Residues of milk fat on pottery indicate that Africans in what is now the Sahara desert were milking cows and processing the milk into cheese, yogurt and other products 7,000 years ago, European researchers reported Thursday. Ancient rock art throughout the region shows herds of cattle and even people milking them, but dating the art has been a problem. The new evidence provides the first reliable date for how long the practice of dairying has been carried out in the region.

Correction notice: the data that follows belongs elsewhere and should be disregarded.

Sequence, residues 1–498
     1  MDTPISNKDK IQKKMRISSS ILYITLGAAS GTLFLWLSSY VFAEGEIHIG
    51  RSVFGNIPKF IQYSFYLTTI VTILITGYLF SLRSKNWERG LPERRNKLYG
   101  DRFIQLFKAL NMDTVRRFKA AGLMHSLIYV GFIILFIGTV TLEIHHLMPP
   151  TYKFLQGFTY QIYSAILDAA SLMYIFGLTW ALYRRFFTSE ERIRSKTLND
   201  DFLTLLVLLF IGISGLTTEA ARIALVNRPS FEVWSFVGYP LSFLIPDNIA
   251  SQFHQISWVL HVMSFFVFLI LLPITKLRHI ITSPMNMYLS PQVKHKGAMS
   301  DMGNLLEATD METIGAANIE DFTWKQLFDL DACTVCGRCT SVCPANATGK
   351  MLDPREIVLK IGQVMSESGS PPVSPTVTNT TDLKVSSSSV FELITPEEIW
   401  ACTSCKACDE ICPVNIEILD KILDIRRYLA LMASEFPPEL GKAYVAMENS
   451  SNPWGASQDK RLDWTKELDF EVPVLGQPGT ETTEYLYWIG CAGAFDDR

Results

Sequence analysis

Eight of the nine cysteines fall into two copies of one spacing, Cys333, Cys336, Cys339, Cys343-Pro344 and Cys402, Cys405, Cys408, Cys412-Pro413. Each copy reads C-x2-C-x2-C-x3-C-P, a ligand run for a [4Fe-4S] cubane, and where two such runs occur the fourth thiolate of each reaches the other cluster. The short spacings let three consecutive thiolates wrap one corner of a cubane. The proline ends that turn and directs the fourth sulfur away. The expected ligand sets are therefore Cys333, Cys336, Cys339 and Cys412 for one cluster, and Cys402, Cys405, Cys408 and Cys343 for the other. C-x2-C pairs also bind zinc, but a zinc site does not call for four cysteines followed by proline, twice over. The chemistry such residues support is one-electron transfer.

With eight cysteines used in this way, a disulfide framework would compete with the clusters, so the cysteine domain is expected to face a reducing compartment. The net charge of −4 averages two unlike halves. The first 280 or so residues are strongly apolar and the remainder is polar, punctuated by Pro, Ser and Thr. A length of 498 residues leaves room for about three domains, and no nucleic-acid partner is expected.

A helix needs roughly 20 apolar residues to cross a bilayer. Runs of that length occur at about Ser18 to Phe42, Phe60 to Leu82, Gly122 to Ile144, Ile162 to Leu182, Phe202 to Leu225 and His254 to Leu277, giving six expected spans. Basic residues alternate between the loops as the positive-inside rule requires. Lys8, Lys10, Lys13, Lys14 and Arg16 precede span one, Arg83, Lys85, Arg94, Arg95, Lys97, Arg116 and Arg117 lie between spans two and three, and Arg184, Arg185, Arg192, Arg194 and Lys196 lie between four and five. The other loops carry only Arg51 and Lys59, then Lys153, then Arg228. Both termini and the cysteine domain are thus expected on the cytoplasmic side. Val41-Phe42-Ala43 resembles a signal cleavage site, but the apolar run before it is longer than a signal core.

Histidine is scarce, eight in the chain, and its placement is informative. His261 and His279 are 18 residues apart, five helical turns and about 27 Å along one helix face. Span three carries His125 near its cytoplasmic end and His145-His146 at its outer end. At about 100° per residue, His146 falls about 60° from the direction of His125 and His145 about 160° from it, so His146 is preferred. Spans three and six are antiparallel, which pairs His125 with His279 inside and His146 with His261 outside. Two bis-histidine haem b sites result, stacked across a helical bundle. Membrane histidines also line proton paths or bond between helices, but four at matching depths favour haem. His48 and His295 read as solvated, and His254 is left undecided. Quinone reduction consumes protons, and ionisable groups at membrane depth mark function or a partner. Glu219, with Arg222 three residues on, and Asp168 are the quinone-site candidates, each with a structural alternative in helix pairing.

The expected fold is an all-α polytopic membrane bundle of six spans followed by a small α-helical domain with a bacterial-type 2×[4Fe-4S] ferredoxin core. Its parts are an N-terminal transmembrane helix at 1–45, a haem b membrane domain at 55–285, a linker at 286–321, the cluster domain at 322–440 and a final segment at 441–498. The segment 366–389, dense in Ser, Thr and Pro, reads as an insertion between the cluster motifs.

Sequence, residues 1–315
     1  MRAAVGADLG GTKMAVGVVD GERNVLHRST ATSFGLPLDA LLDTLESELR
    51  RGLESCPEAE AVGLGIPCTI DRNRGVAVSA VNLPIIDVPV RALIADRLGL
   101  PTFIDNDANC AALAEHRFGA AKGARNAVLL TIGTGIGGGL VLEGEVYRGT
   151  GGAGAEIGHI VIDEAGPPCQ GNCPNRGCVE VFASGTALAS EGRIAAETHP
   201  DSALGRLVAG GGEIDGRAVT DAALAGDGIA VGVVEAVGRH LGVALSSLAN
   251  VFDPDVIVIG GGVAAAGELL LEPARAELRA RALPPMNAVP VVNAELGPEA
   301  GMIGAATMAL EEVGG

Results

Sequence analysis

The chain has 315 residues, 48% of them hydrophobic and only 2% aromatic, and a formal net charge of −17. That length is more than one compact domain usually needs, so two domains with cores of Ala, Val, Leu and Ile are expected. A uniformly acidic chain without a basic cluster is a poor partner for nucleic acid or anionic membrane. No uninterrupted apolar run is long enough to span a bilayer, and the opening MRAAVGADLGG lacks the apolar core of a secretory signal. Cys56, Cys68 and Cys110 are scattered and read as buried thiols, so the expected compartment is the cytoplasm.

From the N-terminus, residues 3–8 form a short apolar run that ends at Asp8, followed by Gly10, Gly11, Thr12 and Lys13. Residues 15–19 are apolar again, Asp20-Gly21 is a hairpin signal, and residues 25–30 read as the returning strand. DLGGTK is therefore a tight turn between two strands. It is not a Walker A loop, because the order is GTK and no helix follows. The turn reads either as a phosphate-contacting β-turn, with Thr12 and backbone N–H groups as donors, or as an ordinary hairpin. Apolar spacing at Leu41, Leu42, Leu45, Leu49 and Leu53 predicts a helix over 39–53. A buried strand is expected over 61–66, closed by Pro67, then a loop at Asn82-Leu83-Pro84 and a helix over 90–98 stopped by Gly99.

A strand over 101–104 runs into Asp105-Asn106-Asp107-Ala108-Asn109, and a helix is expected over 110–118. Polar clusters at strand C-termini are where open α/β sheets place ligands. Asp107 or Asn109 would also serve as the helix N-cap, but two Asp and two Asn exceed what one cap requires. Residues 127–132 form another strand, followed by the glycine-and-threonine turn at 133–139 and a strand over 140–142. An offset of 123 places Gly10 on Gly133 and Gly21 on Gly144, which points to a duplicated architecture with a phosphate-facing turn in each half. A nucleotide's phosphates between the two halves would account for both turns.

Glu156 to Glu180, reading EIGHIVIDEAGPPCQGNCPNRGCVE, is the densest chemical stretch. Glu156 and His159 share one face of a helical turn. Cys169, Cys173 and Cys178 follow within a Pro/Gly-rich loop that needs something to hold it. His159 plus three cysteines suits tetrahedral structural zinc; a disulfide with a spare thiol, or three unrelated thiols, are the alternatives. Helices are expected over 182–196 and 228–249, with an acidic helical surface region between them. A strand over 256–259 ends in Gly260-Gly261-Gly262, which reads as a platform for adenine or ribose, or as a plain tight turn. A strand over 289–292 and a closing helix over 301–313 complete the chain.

The new data were reported in the journal Nature by a team headed by chemist Richard P. Evershed of the University of Bristol in England. They extracted organic molecules known to be present in milk and used radiocarbon dating to determine their age. His team had previously used the technique to date dairying to 9,000 years ago in the Near East, to 8,000 years ago in eastern Europe and to 6,000 years ago in Britain.
About 10,000 years ago, the Sahara was a wetter, greener place. Hunter-gatherers living in the area lived part time in settlements, used pottery, hunted wild game and collected wild cereal grains. As the region began to dry out, the early inhabitants were forced to adopt a more nomadic lifestyle and cattle herding became a more important part of their lifestyle.